'The Cloud' is a pretty awful example of tech jargon, and it's real meaning is debatable. It does however have vernacular meaning, but it's a meaning that's not well understood outside of techy professionals and hobbyists and somewhat confused by the mixed, awkward messages of different technology companies offering 'Cloud-based' services. Cloud computing, by what can be understood as it's common meaning, is the future of many of the functions our computers perform for us.
On it's simplest level, the Cloud eludes to taking a task that our computers do, and rather than doing it on the machine itself, doing it on a remote server (or servers) connected to the internet.
This might be storing your contacts on a central server so that all of your devices synchronise. It might be storing your documents on a remote server instead of your local hard drive so that you can access them from anywhere with any device. It might be giving your phone a processor-intensive task and your phone sending the data to a server to be processed there and the results sent back. If your computer can do it, then someone else's computer on the internet can do it instead - and for some things this has clear advantages (often simple convenience).
The Cloud services that most of us need to understand fal into two broad categories: The syncing service and the file storage service. You'll find that these are pretty blurry distinctions though. Probably the two most prominent (and competing) services are Apple's iCloud and Google Accounts. Both of these offer the centralised storage of your contacts, calendars and e-mail, making them accessible from your iPhone or Android phone, PC or Mac, or anywhere you can get at a web browser. These services (such as webmail) are really just an advancement of the familiar, automating what could be painful computer-syncing procedures. Most of the time, you just enable syncing and the rest happens without your input.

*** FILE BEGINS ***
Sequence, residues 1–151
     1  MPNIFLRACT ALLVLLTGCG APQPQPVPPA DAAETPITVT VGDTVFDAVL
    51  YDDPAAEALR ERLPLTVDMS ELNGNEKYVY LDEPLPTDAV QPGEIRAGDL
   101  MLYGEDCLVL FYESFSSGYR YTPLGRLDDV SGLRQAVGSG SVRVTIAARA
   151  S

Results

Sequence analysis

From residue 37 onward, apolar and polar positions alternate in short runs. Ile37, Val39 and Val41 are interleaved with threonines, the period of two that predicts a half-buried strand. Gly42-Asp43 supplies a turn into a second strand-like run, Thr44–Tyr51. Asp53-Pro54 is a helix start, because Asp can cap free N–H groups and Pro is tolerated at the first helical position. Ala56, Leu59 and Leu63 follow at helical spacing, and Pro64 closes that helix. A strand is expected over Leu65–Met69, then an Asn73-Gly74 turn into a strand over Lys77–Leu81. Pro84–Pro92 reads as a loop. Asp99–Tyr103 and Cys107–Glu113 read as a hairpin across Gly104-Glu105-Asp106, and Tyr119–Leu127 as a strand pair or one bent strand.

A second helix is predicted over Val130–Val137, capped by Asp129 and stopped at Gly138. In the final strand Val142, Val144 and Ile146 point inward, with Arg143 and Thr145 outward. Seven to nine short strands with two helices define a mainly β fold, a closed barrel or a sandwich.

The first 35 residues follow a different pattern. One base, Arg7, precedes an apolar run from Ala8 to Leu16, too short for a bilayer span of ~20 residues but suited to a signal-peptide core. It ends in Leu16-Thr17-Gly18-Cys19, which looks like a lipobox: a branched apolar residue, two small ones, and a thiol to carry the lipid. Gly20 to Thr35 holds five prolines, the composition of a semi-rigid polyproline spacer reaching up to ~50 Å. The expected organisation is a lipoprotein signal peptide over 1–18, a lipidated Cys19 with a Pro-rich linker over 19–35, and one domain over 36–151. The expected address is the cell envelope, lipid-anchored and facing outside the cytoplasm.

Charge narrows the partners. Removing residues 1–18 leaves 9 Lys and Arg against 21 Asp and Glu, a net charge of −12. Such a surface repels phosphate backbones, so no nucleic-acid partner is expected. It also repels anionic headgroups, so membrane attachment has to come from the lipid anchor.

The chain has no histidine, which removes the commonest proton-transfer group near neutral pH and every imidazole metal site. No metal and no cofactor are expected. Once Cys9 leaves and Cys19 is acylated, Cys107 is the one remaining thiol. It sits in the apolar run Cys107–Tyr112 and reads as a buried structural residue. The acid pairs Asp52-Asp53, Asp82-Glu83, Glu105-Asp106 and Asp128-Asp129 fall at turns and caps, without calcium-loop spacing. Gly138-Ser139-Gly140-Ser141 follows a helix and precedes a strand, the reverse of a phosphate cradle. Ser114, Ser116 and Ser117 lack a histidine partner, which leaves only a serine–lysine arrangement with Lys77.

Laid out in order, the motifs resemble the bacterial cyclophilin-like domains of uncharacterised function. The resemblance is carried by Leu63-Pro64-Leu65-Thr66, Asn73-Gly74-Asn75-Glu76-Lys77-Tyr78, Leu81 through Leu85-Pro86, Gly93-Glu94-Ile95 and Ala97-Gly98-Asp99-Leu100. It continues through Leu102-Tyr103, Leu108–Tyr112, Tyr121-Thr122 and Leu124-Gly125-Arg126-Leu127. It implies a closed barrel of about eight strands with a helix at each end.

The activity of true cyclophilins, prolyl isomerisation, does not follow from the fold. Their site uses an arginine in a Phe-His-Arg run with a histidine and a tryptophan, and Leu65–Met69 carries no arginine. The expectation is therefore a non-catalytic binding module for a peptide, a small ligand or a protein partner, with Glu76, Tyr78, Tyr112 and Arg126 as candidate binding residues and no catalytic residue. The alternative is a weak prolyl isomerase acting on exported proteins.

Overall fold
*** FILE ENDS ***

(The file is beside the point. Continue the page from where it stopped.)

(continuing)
File storage services are a little different - rather than keeping your documents solely on your hard disk the tendency is to create a directory on your disk which is mirrored or copied to a server on the net, and then back to other devices that you configure. Take for example Dropbox: once installed the Dropbox softwar uploads any files you put into the Dropbox folder on your computer to the web server, and downloads any files that you uploaded by dropping them in on another configured machine. Essentially, using the remote server as the master copy, all of your Dropbox folders on every configured machine are kept identical in terms of content. This is great not only for ease of accessibility (no more thumb drives, disks or e-mails to yourself) but is also a good way of backing up your files in case you lose data on your computer itself.
There are music storage and remote access services, online photo galleries, online word processing and spreadsheet suites; any number of practical computing tasks that can be enhanced by hosting them on the internet. Most of the ones that we think of as 'Cloud' services are personal, for private data and informatio - allowing for access to our data, whatever that may be. When you hear the words 'the Cloud', consider what functionality is actually being offered, and conversely if there's something you're doing that could be better facilitated by internet hosting, there is probably an appropriate 'Cloud' service for that.